It is in the later drawings that we see him using an innovative lexicon of marks, which are made up of loops, squiggles, spirals, dots, dashes, ticks, circles, crosses, zeds and horizontals, diagonals, and vertical variants. These variable marks constitute a language for him to “speak” to the image and color. In the rarest of circumstances, black and white can suggest or imply color.  One thinks of certain Van Gogh drawings for example, where the intensity of the black against the white has a color potential. If we look at a lot of Bonnard’s later drawings, the landscapes in particular, we feel the potential of these marks as metaphoric of certain color. Most importantly, the marks held information for Bonnard. The drawings carry form and space, a sense of scale, and of course, image. Bonnard would use an eraser to add to the confection of space opening up forms. Often, the drawings have a density of application and a highly charged intensity of feeling. Nearly always the late drawings have context — that is, a subject of enquiry and its context relative to its environs. The marks also have a different pace of viewing; certain marks make us speed up while others slow us down and, as we travel in the boundaries of the drawing, we exercise our visual understanding.

It is clear that these working drawings could be used over a long period of time. People don’t age in drawings. Fruit doesn’t rot. Flowers don’t wilt. Bonnard constantly refers to these drawings “to avoid going off-track when executing the work itself” (Joëts)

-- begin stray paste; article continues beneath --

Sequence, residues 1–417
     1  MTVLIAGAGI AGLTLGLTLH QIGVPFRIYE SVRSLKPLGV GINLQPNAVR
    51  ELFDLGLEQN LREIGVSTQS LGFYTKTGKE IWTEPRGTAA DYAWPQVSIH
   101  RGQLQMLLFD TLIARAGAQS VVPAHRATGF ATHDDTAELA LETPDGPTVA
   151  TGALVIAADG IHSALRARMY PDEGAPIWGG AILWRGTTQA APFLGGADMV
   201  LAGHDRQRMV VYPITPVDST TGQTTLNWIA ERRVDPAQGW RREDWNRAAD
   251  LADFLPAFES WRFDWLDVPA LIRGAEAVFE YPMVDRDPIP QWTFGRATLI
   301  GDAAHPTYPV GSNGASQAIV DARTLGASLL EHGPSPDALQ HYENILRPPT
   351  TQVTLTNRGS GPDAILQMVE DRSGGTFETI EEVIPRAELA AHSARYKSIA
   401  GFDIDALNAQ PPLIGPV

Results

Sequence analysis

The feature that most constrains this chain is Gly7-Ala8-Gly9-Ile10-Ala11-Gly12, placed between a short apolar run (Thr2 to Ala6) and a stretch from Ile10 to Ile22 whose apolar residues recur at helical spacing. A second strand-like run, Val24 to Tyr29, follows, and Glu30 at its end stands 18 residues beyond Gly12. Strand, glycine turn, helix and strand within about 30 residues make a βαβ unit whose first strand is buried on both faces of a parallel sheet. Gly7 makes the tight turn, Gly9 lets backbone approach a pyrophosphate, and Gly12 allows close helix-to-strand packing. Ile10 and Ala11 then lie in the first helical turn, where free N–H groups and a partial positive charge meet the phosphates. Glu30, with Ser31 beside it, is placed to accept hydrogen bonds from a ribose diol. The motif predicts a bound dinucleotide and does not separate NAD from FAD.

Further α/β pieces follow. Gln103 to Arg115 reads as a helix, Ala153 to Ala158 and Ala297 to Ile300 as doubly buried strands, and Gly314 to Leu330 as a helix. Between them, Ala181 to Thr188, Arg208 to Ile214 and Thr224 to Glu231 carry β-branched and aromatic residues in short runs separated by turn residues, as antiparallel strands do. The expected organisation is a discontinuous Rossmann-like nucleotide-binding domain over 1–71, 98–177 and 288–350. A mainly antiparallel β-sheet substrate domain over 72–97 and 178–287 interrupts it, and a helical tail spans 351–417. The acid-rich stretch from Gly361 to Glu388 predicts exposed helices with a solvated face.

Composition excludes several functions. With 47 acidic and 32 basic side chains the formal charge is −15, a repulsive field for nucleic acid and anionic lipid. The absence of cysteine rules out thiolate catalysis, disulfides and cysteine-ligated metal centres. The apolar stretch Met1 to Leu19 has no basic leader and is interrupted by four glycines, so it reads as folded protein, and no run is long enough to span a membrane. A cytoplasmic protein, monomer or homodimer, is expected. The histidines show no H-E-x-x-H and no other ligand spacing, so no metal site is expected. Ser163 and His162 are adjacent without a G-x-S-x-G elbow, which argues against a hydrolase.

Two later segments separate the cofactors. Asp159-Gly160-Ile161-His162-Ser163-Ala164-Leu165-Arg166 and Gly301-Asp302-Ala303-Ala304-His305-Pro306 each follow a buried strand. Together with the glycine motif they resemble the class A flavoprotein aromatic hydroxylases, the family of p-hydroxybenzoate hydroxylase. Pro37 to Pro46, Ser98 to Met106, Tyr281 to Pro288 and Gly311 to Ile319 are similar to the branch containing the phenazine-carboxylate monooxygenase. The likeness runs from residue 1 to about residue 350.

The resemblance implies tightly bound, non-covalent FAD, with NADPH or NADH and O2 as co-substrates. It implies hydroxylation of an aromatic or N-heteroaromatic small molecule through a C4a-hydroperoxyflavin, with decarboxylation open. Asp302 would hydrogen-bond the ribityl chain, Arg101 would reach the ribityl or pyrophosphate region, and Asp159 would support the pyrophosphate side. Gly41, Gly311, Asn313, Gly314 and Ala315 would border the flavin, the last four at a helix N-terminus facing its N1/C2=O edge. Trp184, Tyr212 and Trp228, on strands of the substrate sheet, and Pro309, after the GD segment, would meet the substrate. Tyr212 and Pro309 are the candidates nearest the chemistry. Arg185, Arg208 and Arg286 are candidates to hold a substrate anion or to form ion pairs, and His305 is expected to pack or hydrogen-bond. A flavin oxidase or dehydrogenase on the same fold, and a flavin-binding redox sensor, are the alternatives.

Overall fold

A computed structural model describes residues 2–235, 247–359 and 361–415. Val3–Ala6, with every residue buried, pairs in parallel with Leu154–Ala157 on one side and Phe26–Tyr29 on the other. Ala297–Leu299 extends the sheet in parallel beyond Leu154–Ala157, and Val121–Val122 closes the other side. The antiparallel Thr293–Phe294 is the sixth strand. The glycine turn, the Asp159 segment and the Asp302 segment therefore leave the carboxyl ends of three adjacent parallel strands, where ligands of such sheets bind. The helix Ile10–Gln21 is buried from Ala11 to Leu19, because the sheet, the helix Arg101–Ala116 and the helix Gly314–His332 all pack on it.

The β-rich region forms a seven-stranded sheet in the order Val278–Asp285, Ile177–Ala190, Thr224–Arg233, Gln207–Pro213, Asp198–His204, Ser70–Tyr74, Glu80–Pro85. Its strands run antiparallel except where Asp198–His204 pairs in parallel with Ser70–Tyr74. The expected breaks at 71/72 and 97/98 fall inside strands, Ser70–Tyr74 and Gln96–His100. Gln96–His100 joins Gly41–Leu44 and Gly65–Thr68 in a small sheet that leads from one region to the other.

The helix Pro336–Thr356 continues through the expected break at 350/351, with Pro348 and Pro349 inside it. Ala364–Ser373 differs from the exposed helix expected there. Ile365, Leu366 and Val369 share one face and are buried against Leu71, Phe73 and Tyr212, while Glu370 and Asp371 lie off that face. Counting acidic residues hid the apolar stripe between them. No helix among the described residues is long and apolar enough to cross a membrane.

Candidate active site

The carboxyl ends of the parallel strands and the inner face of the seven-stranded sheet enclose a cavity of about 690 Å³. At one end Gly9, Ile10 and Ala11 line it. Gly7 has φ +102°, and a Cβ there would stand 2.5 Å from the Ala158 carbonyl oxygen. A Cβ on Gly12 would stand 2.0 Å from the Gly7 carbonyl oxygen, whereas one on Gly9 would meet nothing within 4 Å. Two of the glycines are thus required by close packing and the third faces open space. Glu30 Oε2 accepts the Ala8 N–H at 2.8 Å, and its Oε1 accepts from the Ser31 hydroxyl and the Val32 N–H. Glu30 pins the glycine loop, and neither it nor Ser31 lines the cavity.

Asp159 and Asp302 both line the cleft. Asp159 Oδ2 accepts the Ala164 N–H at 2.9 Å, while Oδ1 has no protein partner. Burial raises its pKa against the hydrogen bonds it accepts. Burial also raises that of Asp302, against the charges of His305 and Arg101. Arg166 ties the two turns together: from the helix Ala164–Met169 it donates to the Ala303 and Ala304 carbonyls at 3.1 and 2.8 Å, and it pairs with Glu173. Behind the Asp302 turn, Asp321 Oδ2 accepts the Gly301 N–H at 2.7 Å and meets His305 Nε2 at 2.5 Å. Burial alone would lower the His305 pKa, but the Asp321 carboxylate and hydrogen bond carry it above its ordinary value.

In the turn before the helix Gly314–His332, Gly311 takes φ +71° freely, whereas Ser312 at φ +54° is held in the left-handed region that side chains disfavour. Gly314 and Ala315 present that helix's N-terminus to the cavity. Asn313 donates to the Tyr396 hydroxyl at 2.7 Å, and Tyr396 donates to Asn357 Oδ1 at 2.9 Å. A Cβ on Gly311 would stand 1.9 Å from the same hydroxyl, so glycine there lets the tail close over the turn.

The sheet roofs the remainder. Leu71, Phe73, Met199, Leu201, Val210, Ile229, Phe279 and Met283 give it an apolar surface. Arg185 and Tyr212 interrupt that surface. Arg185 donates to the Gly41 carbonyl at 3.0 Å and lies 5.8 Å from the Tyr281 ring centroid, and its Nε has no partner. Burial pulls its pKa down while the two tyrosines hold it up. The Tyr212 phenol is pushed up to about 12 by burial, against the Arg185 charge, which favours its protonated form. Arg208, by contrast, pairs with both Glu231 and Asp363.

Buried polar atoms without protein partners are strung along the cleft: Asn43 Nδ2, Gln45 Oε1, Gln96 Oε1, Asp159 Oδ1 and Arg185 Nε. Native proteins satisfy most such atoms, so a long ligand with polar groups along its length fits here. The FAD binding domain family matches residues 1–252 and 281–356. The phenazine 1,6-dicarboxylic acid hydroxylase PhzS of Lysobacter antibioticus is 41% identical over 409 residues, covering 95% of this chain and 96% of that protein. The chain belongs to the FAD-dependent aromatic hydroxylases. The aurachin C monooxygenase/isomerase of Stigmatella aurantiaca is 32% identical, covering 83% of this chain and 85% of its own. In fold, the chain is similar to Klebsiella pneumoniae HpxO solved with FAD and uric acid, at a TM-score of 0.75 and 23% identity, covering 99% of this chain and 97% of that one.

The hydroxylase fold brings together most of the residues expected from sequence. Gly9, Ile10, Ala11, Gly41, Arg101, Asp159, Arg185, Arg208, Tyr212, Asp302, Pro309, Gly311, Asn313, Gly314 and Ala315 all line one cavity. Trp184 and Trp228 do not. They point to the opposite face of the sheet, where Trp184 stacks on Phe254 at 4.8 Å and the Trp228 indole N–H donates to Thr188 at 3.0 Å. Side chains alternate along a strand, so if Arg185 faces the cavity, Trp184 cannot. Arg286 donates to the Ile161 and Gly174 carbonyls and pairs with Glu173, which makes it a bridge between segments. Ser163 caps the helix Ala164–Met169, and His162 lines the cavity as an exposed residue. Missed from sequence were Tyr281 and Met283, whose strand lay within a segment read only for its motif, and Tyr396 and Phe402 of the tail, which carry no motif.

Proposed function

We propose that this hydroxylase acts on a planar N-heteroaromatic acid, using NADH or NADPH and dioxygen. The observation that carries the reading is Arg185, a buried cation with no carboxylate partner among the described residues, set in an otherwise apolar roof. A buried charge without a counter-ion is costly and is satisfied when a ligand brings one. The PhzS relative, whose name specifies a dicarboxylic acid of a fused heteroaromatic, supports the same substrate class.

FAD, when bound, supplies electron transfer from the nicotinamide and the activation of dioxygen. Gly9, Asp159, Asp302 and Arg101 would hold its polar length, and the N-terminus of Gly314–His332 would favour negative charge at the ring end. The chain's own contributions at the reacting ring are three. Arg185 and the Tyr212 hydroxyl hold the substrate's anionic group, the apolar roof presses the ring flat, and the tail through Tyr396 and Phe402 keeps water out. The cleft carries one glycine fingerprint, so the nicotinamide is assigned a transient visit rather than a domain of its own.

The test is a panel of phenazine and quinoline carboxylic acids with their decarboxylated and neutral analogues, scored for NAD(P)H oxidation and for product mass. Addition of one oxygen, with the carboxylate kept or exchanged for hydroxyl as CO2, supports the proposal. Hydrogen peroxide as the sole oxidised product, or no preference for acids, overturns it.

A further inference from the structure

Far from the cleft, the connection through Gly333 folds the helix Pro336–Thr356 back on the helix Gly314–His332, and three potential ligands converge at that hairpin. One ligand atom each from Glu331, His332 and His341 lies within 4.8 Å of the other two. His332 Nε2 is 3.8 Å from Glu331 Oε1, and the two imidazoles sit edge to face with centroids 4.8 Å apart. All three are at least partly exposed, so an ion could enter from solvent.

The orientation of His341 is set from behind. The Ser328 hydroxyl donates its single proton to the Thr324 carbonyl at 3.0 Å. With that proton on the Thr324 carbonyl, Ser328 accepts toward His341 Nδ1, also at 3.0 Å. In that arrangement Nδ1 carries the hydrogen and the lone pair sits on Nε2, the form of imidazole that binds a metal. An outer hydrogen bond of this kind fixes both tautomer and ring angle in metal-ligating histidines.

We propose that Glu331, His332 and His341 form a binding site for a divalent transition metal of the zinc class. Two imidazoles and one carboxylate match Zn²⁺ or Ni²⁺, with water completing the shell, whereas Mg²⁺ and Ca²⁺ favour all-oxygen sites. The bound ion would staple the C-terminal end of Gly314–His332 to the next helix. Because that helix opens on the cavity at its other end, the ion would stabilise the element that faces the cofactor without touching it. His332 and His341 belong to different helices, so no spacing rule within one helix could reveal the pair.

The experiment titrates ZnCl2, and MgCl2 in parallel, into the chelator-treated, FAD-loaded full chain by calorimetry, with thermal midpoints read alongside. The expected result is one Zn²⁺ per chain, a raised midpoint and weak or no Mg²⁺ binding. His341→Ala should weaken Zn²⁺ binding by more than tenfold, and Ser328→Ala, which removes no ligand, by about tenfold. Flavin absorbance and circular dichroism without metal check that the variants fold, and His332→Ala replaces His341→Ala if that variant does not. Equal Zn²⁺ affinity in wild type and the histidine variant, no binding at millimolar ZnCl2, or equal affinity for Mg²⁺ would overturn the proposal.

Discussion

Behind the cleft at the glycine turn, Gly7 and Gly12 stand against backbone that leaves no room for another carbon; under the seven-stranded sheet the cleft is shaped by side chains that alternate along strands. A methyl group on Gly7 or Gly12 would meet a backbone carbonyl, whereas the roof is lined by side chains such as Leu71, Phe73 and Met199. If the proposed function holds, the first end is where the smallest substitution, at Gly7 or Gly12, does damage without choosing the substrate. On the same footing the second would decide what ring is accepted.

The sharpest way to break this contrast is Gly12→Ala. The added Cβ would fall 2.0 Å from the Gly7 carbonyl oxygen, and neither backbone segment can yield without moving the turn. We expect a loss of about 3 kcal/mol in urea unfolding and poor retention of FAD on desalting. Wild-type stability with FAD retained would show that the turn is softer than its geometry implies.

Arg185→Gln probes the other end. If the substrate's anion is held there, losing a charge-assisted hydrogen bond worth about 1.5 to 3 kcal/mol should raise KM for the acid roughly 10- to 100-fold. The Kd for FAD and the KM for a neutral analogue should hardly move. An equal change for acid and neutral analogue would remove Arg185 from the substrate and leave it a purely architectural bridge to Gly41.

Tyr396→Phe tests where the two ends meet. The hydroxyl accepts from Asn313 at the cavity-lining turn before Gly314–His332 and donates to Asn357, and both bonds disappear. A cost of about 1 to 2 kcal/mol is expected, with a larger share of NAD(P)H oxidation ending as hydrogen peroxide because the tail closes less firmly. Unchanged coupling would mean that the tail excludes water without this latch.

Pierre Bonnard The White Interior 1932.  Musée de Grenoble. Oil on canvas, 43-1/8 x 61-3/8 inches. Photography © Musée de Grenoble. © 2009 Artists Rights Society (ARS), New York / ADAGP, Paris

Pierre Bonnard, The White Interior 1932. Musée de Grenoble. Oil on canvas, 43-1/8 x 61-3/8 inches. Photography © Musée de Grenoble. © 2009 Artists Rights Society (ARS), New York / ADAGP, Paris

For Bonnard drawing was sensation, and taking possession of the image. The next step was the translation of these notations into color, not local color, but the color that came from his interior logic. The sensation and its perceptual basis change mysteriously into the concept or the idea of color.